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EU tourist hot spots urge Germans to keep vacation plans

May 18, 2020

Germany's top diplomat Heiko Maas held a conference with his Mediterranean counterparts to discuss plans for the summer tourism season. Countries like Greece and Croatia have weathered the pandemic relatively well.

A man disinfects a sunbed
Image: Reuters/C. Baltas

Restarting tourism in the EU

German Foreign Minister Heiko Maas held a video conference with several of his counterparts across the EU on Monday to discuss efforts to reopen borders and restart the tourism economy. Travel and tourism account for a major part of GDP in member states like Italy, Croatia, Spain, and Greece. Maas still struck a cautious note after the talks. 

Under the new plans, cross-border movement will be reinstated in phases, based on coronavirus transmission rates and coordinated by EU member states.

"It will be crucial to ensure that our citizens cannot just travel freely within Europe, but can also safely return home," the ministers said in a joint statement.

Maas said he hoped to lift Germany's blanket travel ban after the current one expires on June 14 and instead offer guidance for individual countries. But he still struck a cautious note after the talks.

"We shouldn't get too excited about the possibility of a quick return to 'business as usual,'" he said. "We want to make summer holidays possible, but only under responsible circumstances. That is why it will be necessary to tell people very clearly that there will be restrictions everywhere — on beaches, in restaurants and in city centers." 

Greek Foreign Minister Nikos Dendias was particularly confident in his country's ability to provide a safe summer vacation spot in comments to German newspaper group Redaktions Netzwerk Deutschland, and was keen to urge German tourists not to cancel their plans. 

"The aim is to reestablish free and safe travel within the EU," he said.

Greece has emerged as one of EU member states least affected by the coronavirus pandemic, partly due to an extremely strict and very early lockdown. In a country of 10.5 million people, there have only been 2,834 recorded cases of COVID-19 and 163 deaths. The country has already begun to reopen its institutions and economy, including its world-famous beaches.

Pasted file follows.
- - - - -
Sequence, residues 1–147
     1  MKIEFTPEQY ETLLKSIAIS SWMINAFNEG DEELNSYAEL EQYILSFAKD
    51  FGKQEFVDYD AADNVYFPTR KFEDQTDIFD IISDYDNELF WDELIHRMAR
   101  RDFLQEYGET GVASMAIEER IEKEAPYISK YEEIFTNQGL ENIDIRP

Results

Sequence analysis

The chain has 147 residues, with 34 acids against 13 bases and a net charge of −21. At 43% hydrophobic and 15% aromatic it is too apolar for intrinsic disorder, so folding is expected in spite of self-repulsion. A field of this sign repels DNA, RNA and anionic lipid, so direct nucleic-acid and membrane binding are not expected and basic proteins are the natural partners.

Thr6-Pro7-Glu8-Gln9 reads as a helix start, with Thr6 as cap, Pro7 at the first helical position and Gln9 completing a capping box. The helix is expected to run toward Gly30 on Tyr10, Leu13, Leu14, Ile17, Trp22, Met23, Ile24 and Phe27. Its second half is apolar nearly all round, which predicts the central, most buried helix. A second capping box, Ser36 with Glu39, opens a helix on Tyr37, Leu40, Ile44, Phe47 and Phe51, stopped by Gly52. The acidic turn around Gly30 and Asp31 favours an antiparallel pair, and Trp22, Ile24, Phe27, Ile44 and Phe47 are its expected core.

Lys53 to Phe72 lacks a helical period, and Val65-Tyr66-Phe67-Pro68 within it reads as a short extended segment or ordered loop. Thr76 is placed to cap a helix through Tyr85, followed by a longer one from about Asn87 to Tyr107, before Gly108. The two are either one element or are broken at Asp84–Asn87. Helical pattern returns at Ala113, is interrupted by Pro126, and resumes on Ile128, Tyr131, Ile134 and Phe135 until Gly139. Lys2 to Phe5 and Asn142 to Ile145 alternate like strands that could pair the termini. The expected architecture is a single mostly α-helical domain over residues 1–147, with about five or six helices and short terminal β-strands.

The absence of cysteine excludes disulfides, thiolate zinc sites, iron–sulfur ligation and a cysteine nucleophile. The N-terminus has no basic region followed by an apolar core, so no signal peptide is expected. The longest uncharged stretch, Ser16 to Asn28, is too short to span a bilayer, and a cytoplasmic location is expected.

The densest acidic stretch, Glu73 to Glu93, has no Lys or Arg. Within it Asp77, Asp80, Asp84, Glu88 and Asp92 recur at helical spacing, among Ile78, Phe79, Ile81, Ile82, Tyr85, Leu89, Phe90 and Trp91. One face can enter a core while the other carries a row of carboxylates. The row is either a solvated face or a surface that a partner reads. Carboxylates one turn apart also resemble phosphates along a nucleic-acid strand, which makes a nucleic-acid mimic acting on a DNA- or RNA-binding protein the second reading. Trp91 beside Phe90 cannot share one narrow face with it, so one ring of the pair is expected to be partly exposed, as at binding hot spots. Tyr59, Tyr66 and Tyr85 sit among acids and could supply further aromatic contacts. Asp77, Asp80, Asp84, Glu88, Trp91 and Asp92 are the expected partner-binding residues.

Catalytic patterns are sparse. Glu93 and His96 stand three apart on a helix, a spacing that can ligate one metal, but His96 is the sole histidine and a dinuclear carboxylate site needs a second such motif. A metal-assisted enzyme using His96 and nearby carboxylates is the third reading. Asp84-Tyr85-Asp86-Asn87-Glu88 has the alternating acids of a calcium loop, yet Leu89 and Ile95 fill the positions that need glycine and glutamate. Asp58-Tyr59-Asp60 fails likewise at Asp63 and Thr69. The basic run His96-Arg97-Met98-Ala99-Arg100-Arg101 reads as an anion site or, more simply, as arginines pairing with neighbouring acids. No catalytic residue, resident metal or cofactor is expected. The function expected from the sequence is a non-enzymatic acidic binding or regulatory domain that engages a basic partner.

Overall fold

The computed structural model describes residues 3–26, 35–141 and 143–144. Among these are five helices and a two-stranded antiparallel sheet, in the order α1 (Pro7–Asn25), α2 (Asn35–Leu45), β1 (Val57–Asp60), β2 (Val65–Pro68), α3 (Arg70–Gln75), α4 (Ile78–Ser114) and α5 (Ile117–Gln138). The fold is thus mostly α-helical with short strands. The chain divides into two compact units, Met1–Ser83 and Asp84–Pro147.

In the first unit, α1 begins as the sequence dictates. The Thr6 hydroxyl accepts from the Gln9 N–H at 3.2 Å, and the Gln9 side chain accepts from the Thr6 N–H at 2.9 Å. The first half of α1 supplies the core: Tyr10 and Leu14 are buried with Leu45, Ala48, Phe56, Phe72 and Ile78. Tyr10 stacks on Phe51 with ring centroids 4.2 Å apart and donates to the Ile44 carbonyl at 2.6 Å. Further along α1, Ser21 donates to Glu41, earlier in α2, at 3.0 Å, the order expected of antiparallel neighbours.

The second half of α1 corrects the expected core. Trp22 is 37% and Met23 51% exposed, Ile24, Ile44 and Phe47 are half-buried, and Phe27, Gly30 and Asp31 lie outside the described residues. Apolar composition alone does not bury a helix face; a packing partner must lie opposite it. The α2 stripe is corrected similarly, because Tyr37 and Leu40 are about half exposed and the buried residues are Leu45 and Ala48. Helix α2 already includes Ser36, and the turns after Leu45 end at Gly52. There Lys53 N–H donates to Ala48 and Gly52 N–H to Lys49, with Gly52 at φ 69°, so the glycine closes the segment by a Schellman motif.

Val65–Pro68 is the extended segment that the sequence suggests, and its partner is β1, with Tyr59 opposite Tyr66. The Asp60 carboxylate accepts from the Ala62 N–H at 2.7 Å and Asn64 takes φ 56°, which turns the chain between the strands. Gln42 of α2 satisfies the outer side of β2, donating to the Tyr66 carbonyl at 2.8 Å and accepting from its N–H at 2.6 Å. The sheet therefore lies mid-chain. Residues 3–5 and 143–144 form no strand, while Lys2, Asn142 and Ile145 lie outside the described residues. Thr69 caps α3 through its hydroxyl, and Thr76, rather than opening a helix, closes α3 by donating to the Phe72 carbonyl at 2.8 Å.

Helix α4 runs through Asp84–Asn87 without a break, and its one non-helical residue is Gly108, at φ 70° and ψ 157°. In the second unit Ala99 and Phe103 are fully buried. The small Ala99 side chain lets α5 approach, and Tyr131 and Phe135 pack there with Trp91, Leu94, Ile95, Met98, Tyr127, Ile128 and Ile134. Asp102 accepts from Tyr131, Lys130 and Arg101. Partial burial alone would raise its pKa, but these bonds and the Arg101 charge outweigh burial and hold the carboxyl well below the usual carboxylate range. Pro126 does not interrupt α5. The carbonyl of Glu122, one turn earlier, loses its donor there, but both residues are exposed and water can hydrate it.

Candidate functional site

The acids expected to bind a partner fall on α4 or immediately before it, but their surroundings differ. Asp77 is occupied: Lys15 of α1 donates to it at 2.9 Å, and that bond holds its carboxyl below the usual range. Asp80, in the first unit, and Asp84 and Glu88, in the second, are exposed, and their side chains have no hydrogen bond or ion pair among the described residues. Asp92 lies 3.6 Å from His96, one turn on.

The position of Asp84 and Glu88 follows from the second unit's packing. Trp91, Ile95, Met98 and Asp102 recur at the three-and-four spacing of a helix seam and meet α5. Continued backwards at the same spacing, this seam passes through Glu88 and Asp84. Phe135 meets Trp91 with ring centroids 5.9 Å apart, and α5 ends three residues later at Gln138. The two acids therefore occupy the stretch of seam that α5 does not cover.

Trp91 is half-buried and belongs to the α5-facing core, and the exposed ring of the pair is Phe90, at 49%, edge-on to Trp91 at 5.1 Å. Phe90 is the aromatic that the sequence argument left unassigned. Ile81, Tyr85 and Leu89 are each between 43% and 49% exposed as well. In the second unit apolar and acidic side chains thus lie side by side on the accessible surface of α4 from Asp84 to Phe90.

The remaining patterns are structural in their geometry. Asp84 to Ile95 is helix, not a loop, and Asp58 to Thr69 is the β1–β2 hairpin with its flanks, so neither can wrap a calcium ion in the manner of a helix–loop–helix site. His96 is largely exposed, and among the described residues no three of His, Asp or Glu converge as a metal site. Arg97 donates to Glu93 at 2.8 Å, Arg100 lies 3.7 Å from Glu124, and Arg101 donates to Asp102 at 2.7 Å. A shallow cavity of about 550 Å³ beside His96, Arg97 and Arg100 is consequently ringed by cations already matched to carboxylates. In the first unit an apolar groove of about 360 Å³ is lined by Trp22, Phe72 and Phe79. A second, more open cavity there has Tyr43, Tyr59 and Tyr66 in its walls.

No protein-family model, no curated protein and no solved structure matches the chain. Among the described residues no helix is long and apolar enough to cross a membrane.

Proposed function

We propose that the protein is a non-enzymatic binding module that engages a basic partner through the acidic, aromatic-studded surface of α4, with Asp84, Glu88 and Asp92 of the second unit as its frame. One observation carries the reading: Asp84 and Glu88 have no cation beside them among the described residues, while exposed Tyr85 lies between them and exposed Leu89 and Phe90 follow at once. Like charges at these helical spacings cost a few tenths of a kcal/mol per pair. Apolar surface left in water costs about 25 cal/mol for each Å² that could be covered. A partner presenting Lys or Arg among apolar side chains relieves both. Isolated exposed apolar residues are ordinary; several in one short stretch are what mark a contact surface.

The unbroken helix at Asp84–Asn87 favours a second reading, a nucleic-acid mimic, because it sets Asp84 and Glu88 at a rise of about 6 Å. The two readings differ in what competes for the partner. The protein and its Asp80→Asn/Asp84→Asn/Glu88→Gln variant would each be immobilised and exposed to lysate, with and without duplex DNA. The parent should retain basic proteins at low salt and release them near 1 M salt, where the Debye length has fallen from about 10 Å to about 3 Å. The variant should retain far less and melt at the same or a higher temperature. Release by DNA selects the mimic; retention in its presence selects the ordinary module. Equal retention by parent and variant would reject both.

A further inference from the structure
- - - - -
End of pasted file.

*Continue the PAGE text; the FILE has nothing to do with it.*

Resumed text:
Read more: Which European Union countries are open for summer tourism?

Croatian Prime Minister Andrej Plenkovic echoed Dendias in an interview with Die Welt daily, saying his country's hotels and beaches were "well-prepared" to welcome tourists this summer. With its relatively small population of 4 million, Croatia has recorded 2,226 infections and 95 fatalities.

"There's a good chance that we will be able to travel this summer not only around Germany but abroad in Europe," said Thomas Bareiss, the German government's tourism commissioner, in comments to the Stuttgarter Zeitung daily.

Bavaria's state premier, Markus Söder, reacted skeptically to the plans, particularly concerning three of Europe's worst-hit countries: "Unlike Heiko Maas, I don't believe that in a month's time we will be able to travel to Spain, Italy or France again," Söder said. "We're walking on thin ice." 

In the past week, countries like Spain, Italy, and Portugal have all announced dates in early to mid-June to welcome back international travelers. 

Read more: Portugal pins economic hopes on early reopening of tourism

Countries reliant on tourism revenue have had to balance the economic need to restart the tourist season with continuing to observe physical distancing and hygiene rules that are necessary to slow the spread of the pandemic.

The group of top diplomats is expected to release some details of how the bloc will handle tourism this summer following the conference in the early afternoon.

es/rt (AFP, dpa)

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